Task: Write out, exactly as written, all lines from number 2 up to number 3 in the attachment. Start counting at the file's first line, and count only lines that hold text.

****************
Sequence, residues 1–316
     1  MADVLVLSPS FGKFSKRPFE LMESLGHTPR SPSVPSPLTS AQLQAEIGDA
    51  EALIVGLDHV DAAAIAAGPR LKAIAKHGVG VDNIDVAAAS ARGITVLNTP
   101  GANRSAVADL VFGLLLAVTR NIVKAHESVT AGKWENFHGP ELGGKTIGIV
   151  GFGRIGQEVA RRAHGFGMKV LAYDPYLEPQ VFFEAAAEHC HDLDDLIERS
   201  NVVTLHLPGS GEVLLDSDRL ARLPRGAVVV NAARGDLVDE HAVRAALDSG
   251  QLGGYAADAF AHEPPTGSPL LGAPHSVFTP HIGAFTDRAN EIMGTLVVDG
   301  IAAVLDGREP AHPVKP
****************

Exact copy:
     1  MADVLVLSPS FGKFSKRPFE LMESLGHTPR SPSVPSPLTS AQLQAEIGDA
    51  EALIVGLDHV DAAAIAAGPR LKAIAKHGVG VDNIDVAAAS ARGITVLNTP